The Weekly Ramble 1/13/24

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The week went by so quickly! I’m stunned that the month is almost half over, but I’m starting to find my groove.

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The last few months have been a veritable whirlwind. I started therapy over the summer, we spent months house hunting, we spent months (or so it feels like!) moving, then school started and everyone was run ragged.

I entered the holidays already wrung out. This is the first week back to school and work for the fam, so it’s the first week of trying out a new routine.

I love routine. I love having the same thing for breakfast, breaking for lunch at the same time, doing similar things every day or week or month.

I have missed routine.

After reading Spacemaker (review coming soon!) last week, I’m eager to test out a new Ideal Week.

One of the challenges the author poses in the book is to create an intentional day of rest (separate from a sabbath for believers). I’ve been craving this for awhile, so I’m more than happy to comply. The problem initially has been when and how to do this.

After spinning my wheels on Monday after therapy and not getting anything accomplished, I decided that would be my starting point. Why fight it if my body and mind don’t wanna work?

So, I’m starting my “official,” intentional rest day on late Sunday afternoons when we have our family dinner (or maybe after the kitchen is cleaned up! lol) and continue on into late Monday.

How fun to have a rest day when the rest of the world is going back to school and work!?!

The Eiffel tower lit at night.

I majored in French Literature in college and spent a year studying at the language school section of the Universite de Bordeaux. I had every intention of raising my kids to be francophones, but it quickly became clear to me that I knew none of the vocabulary that children use with their parents.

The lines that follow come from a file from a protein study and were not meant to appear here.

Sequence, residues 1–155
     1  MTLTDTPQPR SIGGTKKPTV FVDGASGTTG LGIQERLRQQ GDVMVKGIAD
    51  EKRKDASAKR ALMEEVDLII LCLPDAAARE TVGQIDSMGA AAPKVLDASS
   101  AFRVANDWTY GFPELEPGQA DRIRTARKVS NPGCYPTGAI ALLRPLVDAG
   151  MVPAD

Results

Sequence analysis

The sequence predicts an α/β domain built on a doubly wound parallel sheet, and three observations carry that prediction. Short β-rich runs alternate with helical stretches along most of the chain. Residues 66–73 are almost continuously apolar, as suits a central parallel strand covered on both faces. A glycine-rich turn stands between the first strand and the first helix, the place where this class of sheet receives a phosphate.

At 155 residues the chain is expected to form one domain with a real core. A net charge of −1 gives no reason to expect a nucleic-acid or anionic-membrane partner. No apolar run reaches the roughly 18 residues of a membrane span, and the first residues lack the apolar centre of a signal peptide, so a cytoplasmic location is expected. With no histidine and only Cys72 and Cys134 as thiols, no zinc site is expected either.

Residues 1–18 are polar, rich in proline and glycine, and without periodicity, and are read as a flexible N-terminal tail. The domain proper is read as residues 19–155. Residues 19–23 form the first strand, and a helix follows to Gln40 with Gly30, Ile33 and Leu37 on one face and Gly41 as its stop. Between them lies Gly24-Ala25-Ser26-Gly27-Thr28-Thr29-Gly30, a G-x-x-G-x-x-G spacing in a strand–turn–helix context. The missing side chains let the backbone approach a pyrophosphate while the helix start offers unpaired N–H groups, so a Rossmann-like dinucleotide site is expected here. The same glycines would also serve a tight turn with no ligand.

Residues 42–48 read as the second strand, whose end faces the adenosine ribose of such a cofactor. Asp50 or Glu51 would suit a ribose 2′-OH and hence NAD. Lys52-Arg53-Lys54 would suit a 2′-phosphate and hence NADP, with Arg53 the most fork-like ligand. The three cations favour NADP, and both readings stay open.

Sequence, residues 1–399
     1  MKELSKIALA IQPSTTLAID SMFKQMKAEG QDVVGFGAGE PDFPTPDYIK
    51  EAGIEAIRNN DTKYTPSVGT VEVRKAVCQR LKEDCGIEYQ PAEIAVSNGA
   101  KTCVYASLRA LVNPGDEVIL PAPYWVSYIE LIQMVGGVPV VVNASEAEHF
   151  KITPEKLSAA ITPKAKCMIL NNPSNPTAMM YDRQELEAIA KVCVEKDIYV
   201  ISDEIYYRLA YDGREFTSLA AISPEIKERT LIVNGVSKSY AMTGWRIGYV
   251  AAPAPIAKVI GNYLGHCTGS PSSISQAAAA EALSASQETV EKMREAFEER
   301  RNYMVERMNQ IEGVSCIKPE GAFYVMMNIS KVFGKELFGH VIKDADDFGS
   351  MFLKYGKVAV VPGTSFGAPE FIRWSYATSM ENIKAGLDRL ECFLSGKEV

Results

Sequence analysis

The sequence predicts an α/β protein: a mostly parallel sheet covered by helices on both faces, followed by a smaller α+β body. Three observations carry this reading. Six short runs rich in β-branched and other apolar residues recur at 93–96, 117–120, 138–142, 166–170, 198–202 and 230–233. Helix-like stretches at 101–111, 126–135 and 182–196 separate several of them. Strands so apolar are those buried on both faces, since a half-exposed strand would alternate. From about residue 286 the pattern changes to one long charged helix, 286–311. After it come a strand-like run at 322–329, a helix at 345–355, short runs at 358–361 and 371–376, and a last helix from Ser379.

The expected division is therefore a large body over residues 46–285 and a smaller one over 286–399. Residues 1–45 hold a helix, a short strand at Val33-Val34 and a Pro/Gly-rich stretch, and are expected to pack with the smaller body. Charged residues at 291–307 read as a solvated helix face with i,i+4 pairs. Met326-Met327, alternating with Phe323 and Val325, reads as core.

As it happened, two out of my six have chosen French for their second language. My baby, now 15, is in her second year and plans to go all the way in her studies.

Thanks to streaming channels on Prime video, we’re able to watch a number of different television programs en francais. Astrid is a recent favorite of ours to watch in French with subtitles. (It’s called Astrid et Raphaelle overseas.)

Not only do both of us get to practice our French, but we also get to learn more about the challenges and triumphs of people with autism. Astrid, a young woman with autism, works in the Criminal Archives and is one of the best forensic experts in Paris.

It’s very cool to watch how she solves crime but even more so to see how she navigates relationships and solves the puzzles of life that occur when neurotypical and neurodivergent do life together.

Since my daughter isn’t doing a community college class this semester, I’m not carting her there and back twice a week so I’m able to spend more time at home. My desk is just feet away from this kitchen space, so being home to work is kind of a challenge.

But, this week I was able to keep things more spit-spot than not and that has been so restful and energizing. As I mentioned the other day, I’m working on making home a place of peaceful energy, so having this time to do upkeep instead of rushing around has been a gift.

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  1. I like routine because it offers security/simplicity while allowing for variables. I try to keep Saturday open for a free day for me. It’s the one day of the week that I don’t have to leave the house.

  2. I also love routine, absolutely crave it. In my case, it is my neurodivergent brain crying out for order. It is tough to instill with my crew without seeming like a nag. But it is what it is. As such a person, with 2 ND kiddos and the third almost assuredly in that category as well, I am intrigued by Astrid and, though my 5 years of French are long forgotten, I will check out the subtitled version! Thanks!

    1. I would love to hear what you think of Astrid and its representation of the ND community. I feel like we’ve learned so much.